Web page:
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Int J Pharm. 2019 Nov 25;571:118760. doi: 10.1016/j.ijpharm.2019.118760. Epub 2019 Oct 14.

Native starch as in situ binder for continuous twin screw wet granulation.

Author information

1
Ghent University, Laboratory of Pharmaceutical Technology, Ottergemsesteenweg 460, 9000 Gent, Belgium. Electronic address: lise.vandevivere@ugent.be.
2
Ghent University, Laboratory of Pharmaceutical Technology, Ottergemsesteenweg 460, 9000 Gent, Belgium. Electronic address: christoph.portier@ugent.be.
3
Ghent University, Laboratory of Pharmaceutical Technology, Ottergemsesteenweg 460, 9000 Gent, Belgium. Electronic address: valerie.vanhoorne@ugent.be.
4
Roquette Frères, Rue de la Haute Loge, 62136 Lestrem, France. Electronic address: olaf.haeusler@roquette.com.
5
Roquette Frères, Rue de la Haute Loge, 62136 Lestrem, France. Electronic address: denis.simon@roquette.com.
6
Ghent University, Laboratory of Pharmaceutical Process Analytical Technology, Ottergemsesesteenweg 460, 9000 Ghent, Belgium. Electronic address: thomas.debeer@ugent.be.
7
Ghent University, Laboratory of Pharmaceutical Technology, Ottergemsesteenweg 460, 9000 Gent, Belgium. Electronic address: chris.vervaet@ugent.be.

Abstract

The use of native starch as in situ binder in a continuous twin screw wet granulation process was studied. Gelatinization of pea starch occurred in the barrel of the granulator using a poorly soluble excipient (anhydrous dicalcium phosphate), but the degree of gelatinization depended on the liquid-to-solid ratio, the granule heating and the screw configuration. Furthermore, the degree of starch gelatinization was correlated with the granule quality: higher binder efficiency was observed in runs where starch was more gelatinized. SEM and PLOM images showed experimental runs which resulted in completely gelatinized starch. Other starch types (maize, potato and wheat starch) could also be gelatinized when processed above a critical barrel temperature for gelatinization. This barrel temperature was different for all starches. In situ starch gelatinization was also investigated in combination with a highly soluble excipient (mannitol). The lower granule friability observed using pure mannitol compared to a mannitol/starch mixture indicated that starch did not contribute to the binding, hence starch did not gelatinize during processing. The study showed that native starch can be considered as a promising in situ binder for continuous twin screw wet granulation of a poorly soluble formulation.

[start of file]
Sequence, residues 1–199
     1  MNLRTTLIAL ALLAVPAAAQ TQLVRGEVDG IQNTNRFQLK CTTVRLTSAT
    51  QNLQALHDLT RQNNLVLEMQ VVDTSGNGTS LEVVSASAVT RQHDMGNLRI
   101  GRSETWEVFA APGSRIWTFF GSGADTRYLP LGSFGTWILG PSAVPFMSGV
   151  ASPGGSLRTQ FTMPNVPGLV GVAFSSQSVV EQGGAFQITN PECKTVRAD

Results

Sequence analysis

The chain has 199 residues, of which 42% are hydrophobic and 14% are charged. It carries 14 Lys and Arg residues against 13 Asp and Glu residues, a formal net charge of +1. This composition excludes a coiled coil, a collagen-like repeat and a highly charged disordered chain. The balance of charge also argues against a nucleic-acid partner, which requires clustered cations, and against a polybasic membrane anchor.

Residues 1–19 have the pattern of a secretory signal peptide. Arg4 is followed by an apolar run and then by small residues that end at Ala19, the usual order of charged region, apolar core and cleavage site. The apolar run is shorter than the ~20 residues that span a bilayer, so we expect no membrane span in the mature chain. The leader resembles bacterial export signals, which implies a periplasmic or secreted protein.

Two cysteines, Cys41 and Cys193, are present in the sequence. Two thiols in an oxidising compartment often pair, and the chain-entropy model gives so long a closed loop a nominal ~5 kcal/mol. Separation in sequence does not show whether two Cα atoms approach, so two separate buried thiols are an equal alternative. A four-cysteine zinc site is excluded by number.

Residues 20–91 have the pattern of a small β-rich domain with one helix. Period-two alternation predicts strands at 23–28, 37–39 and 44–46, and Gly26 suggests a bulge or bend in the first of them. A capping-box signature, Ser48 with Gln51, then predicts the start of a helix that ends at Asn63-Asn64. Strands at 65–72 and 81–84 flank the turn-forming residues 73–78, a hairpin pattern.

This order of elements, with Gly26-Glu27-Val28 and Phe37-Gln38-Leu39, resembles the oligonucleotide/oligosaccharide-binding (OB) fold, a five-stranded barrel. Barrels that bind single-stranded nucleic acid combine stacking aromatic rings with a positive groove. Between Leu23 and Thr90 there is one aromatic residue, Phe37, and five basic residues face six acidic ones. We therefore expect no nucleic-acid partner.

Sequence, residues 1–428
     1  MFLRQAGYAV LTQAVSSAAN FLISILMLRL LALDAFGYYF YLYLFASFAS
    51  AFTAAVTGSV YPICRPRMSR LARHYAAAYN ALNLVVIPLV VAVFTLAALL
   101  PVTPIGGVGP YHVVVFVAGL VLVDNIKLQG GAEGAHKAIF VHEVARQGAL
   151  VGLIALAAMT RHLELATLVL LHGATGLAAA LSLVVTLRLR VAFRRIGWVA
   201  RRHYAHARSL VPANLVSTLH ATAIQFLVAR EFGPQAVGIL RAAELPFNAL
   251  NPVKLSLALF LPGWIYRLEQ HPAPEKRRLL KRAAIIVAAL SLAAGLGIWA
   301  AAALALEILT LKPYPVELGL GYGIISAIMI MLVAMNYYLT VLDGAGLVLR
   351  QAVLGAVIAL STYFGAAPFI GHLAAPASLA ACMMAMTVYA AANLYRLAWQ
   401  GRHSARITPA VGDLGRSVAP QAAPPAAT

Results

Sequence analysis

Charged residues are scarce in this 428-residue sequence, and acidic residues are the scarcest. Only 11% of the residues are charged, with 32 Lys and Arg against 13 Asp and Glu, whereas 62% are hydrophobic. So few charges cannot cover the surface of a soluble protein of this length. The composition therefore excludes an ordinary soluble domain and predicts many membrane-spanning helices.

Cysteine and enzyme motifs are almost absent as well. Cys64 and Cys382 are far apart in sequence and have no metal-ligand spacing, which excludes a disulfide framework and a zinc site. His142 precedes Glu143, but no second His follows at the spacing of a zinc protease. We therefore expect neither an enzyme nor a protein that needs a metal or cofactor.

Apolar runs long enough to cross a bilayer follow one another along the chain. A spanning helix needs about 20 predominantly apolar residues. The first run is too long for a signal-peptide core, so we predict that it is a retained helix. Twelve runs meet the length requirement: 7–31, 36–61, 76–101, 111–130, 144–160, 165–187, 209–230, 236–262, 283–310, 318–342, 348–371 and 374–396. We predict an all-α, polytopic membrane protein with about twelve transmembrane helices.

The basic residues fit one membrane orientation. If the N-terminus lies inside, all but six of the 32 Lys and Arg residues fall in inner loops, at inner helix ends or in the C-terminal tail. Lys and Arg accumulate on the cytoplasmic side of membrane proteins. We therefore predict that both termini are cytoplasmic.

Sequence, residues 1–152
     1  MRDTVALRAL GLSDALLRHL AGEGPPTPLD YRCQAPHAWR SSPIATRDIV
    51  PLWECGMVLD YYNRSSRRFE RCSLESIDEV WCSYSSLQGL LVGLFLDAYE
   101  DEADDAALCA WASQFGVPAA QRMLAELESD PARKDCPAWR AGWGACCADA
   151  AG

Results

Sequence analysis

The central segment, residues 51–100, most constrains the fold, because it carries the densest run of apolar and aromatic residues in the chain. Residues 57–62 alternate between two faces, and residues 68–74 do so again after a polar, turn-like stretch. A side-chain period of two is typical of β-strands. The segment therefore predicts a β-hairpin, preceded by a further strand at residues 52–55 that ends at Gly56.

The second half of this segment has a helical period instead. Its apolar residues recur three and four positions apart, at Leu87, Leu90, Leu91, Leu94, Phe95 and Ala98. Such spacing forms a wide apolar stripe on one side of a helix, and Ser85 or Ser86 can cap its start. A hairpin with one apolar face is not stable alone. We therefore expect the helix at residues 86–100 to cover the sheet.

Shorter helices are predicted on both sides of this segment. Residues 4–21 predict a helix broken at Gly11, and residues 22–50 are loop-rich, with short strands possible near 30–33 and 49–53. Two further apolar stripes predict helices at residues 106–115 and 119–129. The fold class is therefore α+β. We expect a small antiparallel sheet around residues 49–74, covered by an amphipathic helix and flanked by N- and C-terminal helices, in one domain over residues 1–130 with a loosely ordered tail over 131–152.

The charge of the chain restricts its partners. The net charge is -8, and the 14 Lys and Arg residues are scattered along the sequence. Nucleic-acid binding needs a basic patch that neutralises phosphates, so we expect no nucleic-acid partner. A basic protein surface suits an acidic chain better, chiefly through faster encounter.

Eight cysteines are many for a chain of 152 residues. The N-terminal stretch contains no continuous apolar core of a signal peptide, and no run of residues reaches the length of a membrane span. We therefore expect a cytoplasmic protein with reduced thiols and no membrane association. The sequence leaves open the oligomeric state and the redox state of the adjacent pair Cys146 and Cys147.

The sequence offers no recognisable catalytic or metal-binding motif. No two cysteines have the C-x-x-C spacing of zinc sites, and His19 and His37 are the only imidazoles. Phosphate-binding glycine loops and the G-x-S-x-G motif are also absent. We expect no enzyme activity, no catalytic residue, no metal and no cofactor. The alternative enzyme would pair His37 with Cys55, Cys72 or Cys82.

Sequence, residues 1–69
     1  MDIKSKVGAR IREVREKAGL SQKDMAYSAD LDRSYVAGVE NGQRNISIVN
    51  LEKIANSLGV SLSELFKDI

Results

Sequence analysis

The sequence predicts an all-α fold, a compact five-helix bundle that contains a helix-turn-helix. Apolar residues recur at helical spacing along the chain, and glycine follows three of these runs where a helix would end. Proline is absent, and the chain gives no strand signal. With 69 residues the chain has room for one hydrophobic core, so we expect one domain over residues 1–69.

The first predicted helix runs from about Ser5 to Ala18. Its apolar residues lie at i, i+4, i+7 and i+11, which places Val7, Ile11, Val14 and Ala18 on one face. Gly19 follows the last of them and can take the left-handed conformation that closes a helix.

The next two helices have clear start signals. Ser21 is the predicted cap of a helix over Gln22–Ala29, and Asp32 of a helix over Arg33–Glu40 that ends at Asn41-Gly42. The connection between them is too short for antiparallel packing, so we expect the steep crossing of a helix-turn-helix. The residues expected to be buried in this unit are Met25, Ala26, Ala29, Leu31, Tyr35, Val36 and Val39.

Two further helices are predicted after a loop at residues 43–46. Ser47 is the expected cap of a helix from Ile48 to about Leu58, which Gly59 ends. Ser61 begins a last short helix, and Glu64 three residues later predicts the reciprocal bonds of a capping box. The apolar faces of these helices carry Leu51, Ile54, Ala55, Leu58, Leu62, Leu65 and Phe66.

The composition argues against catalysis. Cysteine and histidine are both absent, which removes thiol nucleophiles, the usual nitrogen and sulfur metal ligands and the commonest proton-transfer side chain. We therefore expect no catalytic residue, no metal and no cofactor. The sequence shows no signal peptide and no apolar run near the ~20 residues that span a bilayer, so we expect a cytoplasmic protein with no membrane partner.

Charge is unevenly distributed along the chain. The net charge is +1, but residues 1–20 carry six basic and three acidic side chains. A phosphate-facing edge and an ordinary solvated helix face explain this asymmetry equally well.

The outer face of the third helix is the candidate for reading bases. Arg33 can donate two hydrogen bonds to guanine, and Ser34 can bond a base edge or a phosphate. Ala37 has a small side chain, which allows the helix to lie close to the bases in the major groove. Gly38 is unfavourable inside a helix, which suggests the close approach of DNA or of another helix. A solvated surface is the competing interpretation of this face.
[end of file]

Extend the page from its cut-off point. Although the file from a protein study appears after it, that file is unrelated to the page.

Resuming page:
KEYWORDS:

Binder; Continuous manufacturing; Continuous wet granulation; Gelatinization; Granule properties; Native starch; Twin screw granulator

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